The appeal for patience was partnered with robust support from Kerry for Macri and his counterpart Susana Malcorra. Emerging from a brief meeting with Foreign Minister Malcorra, he underscored the “United States friendship and our respect for Argentina and our commitment to working together through this dialogue and in other ways to deal with problems that we face“.

”And that is really the heart of the message that I bring to Buenos Aires. I have no doubt that President Macri and the foreign minister are as firmly committed to a close, sustained partnership with the United States as the United States is with Argentina. And I think that could not be more important at this time.”

Kerry, as did Obama before him last March, gave his stamp of approval to Macri’s economic package. “Argentina is an extraordinary country with talented people educated, capable enormous resources. And as it changes with the reforms that have been put in place, the economic prospects are going to change. There will be more investment. There will be more growth. It doesn’t happen overnight, but it will happen because of the determination of the direction this government has chosen to move in.”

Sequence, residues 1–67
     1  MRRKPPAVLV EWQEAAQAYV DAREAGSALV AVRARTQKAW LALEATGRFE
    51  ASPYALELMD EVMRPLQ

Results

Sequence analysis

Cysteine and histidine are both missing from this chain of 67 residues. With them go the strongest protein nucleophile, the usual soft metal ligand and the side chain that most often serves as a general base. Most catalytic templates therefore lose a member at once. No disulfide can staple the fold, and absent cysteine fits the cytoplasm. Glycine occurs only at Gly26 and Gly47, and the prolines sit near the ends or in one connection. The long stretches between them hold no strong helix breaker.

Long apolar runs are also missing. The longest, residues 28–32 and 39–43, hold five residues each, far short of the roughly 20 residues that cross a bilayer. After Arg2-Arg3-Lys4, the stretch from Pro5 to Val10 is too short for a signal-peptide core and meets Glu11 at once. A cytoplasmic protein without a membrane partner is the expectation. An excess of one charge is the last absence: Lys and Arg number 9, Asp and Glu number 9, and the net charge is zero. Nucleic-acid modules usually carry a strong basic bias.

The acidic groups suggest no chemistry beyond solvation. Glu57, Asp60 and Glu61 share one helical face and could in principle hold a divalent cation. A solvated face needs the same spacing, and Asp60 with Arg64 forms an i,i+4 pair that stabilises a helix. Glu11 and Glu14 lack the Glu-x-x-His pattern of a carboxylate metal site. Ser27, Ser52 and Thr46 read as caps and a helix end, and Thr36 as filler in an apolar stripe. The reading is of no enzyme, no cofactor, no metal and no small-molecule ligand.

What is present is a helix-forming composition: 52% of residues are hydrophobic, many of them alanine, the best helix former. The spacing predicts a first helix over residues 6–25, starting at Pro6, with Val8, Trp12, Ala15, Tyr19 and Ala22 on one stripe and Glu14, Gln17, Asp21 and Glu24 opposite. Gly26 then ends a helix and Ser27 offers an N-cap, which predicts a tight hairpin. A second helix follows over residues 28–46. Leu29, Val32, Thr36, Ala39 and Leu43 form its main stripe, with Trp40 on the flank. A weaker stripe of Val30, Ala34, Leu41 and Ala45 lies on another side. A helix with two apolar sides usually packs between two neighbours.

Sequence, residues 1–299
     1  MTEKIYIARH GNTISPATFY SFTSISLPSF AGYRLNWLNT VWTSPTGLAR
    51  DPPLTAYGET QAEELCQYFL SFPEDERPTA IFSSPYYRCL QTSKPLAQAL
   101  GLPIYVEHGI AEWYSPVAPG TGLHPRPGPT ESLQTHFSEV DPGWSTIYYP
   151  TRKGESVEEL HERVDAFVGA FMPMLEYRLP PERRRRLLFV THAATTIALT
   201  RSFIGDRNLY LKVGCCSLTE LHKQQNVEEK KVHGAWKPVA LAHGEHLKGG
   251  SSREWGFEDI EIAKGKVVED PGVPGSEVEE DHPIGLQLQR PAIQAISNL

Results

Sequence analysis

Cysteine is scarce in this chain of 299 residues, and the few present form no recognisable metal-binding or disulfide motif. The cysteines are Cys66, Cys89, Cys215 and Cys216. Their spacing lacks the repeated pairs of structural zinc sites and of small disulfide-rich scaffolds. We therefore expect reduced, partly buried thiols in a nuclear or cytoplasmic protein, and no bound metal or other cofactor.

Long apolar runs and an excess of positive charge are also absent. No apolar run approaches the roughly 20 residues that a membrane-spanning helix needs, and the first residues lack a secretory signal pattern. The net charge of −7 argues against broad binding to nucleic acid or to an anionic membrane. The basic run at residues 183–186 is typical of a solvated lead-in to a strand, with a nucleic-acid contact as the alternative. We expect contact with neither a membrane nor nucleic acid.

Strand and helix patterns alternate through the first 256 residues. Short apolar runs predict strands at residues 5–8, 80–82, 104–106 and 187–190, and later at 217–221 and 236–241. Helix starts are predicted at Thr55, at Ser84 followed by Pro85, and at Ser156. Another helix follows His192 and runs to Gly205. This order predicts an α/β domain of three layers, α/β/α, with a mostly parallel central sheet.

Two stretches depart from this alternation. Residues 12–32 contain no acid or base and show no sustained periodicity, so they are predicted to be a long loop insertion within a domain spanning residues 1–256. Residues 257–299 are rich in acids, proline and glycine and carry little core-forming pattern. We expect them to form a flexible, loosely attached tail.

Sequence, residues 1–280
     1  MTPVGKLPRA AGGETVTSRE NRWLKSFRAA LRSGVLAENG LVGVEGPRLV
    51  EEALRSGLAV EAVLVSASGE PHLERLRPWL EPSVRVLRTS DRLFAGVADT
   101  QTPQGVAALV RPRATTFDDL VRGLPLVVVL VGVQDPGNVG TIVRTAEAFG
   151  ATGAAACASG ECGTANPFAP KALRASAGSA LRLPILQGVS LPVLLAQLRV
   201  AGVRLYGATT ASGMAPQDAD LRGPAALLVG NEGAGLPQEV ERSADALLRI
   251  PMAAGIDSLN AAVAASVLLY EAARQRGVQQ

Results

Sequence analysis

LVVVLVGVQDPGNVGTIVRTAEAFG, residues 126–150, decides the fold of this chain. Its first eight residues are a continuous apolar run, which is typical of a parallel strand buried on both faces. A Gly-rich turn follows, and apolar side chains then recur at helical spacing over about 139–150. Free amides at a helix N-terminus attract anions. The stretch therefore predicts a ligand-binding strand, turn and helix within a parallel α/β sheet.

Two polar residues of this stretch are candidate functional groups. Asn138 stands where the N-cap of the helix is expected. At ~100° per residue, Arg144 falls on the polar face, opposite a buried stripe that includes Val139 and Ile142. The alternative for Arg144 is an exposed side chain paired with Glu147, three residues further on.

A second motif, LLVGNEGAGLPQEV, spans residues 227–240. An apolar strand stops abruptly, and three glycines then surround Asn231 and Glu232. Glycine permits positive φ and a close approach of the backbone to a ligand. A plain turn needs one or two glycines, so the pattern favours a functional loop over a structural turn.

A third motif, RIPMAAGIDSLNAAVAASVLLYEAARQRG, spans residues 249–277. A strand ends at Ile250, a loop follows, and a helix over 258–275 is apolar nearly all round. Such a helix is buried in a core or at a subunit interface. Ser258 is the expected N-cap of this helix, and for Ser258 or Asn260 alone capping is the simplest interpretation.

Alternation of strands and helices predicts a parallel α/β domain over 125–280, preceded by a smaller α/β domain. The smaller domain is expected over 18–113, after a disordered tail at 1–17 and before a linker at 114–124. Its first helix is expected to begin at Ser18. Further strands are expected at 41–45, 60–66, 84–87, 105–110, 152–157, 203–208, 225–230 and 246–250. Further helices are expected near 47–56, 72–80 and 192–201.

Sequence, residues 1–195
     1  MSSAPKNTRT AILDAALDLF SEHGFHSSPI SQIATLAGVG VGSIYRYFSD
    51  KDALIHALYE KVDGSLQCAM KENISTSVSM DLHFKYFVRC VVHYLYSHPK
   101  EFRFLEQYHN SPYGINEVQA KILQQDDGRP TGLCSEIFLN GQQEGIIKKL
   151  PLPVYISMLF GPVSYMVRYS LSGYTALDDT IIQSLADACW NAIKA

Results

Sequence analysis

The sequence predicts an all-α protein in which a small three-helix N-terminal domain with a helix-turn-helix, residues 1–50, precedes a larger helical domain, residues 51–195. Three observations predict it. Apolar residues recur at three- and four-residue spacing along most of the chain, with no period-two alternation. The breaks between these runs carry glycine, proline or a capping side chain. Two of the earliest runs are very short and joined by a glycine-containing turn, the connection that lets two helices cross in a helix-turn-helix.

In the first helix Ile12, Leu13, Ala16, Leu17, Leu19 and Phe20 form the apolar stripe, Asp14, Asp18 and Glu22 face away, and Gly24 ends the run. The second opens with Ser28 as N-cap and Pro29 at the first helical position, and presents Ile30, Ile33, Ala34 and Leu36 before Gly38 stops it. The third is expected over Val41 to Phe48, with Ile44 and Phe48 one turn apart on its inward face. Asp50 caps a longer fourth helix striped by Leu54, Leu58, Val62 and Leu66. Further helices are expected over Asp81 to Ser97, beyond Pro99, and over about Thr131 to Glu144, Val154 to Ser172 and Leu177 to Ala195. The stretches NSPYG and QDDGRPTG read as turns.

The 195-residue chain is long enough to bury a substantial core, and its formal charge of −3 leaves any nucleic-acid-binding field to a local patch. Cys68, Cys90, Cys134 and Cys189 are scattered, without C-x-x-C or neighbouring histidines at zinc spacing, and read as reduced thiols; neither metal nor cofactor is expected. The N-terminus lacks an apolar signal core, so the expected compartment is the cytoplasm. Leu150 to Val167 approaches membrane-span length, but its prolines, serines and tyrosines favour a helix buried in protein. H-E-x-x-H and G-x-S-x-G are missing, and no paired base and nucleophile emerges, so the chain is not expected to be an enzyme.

In addition to meeting with Macri, Kerry and Malcorra formally set into motion a regular High-Level Dialogue to discuss bilateral issues such as security cooperation, trade and investment.

As part of that cooperation, Kerry announced that further to notification to the US Congress, the State Department has set aside US$ 1.5 million to support law enforcement and criminal justice sector reform initiatives aimed at tackling improving border and airport security, prevent money-laundering, counterterrorism, and reduce the demand itself for illegal drugs.

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  • Enrique Massot

    What is Kerry talking about?
    Time is Macri's worst enemy, because each passing month brings more proof of the ineptitude of a government made of CEOs pulling all in different directions.